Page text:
Medical care services... .3 -.1 .2 .6 .0 .5 .2 2.2
1 Not seasonally adjusted.
The food index rose 0.3 percent in April after a 0.1-percent increase in March. The
index for food at home rose 0.3 percent, the largest increase since March 2017. The
fruits and vegetables index rose 1.0 percent in April after declining in February
and March. The index for meats, poultry, fish, and eggs increased 0.7 percent, with
the index for eggs rising 7.1 percent and the beef index rising 1.3 percent. The
index for dairy and related products also increased in April, rising 0.4 percent.
In contrast, the index for nonalcoholic beverages fell 0.6 percent in April after
rising in March. The index for cereals and bakery products fell 0.2 percent in
April, and the index for other food at home was unchanged. The index for food away
from home rose 0.2 percent in April following a 0.1-percent increase in March.
Over the last 12 months, the index for food away from home increased 2.5 percent,
and the food at home index rose 0.5 percent. The index for meats, poultry, fish,
and eggs increased 3.5 percent over the last year, the only one of the six major
grocery store food group indexes to increase. The indexes for cereals and bakery
products and for other food at home were unchanged, and the remaining indexes
declined modestly over the last 12 months.
The energy index rose 1.4 percent in April after falling 2.8 percent in March. The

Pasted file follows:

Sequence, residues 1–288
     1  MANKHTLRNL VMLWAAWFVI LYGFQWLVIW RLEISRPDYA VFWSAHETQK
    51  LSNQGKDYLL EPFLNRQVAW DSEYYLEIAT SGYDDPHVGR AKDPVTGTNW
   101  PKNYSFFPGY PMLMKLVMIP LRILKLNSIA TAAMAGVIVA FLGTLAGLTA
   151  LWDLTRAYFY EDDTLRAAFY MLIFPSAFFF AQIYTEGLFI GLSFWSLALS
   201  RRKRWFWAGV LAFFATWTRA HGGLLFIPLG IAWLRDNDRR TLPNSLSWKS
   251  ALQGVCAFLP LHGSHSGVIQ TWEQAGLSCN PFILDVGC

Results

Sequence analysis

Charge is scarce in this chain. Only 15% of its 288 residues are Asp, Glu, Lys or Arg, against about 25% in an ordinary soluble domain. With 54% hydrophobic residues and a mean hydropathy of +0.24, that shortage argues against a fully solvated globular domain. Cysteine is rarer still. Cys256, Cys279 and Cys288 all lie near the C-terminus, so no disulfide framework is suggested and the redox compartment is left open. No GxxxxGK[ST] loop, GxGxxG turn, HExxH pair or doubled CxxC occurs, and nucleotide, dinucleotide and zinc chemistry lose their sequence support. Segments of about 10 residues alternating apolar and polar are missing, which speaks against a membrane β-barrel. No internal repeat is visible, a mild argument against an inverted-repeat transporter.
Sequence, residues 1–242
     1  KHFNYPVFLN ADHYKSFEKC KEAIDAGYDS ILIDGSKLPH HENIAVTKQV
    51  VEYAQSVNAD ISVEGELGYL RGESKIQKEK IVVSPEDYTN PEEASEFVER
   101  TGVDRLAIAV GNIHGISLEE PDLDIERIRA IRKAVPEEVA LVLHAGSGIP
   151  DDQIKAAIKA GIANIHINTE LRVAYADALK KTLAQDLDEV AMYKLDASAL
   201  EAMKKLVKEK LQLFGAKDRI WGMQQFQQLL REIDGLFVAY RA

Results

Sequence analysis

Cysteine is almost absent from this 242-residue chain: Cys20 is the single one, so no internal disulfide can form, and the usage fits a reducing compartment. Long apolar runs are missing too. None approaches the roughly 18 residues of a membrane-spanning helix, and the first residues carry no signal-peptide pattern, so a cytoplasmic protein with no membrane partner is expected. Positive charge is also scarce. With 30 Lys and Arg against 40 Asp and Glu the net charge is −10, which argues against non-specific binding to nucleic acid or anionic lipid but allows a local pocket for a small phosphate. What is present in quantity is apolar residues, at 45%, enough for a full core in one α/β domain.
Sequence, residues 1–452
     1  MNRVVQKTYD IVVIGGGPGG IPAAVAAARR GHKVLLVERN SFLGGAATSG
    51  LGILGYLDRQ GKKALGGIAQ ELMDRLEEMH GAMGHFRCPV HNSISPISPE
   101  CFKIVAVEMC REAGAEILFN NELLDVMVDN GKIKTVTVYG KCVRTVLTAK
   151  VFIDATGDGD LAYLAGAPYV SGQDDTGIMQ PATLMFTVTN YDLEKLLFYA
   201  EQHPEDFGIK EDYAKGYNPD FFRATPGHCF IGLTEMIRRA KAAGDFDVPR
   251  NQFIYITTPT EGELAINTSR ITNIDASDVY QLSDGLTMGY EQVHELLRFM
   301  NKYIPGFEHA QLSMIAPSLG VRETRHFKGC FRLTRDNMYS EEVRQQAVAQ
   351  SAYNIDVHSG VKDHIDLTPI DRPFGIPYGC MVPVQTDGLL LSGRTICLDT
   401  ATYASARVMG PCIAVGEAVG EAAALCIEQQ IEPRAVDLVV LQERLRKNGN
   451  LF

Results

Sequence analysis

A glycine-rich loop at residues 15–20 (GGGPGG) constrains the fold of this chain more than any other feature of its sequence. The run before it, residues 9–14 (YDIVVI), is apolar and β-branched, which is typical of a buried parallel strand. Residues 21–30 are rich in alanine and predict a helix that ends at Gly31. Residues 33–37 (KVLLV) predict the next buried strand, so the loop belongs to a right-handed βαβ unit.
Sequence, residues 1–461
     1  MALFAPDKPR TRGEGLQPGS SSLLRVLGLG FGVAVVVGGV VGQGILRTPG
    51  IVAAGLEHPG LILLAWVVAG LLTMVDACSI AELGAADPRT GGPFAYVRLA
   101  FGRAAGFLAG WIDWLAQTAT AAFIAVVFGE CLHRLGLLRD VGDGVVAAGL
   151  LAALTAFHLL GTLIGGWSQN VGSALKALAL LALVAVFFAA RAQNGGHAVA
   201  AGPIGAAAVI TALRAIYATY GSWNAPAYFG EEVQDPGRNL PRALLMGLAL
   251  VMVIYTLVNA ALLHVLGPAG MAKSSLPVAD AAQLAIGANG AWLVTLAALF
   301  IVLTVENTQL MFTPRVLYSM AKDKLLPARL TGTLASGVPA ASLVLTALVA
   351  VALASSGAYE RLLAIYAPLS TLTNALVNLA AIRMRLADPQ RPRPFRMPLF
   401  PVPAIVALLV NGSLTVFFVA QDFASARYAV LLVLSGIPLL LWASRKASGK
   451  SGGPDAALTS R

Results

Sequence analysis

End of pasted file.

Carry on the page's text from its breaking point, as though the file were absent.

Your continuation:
gasoline index rose 3.0 percent following a 4.9-percent decline in March. (Before
seasonal adjustment, gasoline prices increased 6.2 percent in April.) In contrast,
the electricity index fell 0.6 percent in April, and the index for natural gas fell
The energy index increased 7.9 percent over the past year, with all the major
component indexes rising. The gasoline index increased 13.4 percent and the fuel oil
index rose 22.6 percent. The remaining component indexes increased more moderately;
the electricity index increased 1.2 percent, and the index for natural gas advanced
All items less food and energy
The index for all items less food and energy increased 0.1 percent in April. The
shelter index increased 0.3 percent, with the rent index rising 0.4 percent and the
index for owners' equivalent rent increasing 0.3 percent. The index for lodging
away from home increased 0.7 percent in April. The index for household furnishings
and operations rose 0.5 percent in April, the largest increase since April 2015,
and the personal care index increased 0.7 percent.
The apparel index rose 0.3 percent in April after declining in March, and the
tobacco index increased 1.3 percent. The medical care index rose 0.1 percent in
April, with the hospital services index rising 0.2 percent, the prescription drugs
index increasing 0.1 percent, and the physicians' services index unchanged. The
indexes for education and for alcoholic beverages also rose in April.
The index for used cars and trucks fell 1.6 percent in April, the largest decline
since March 2009. The recreation index fell 0.4 percent, the largest decline since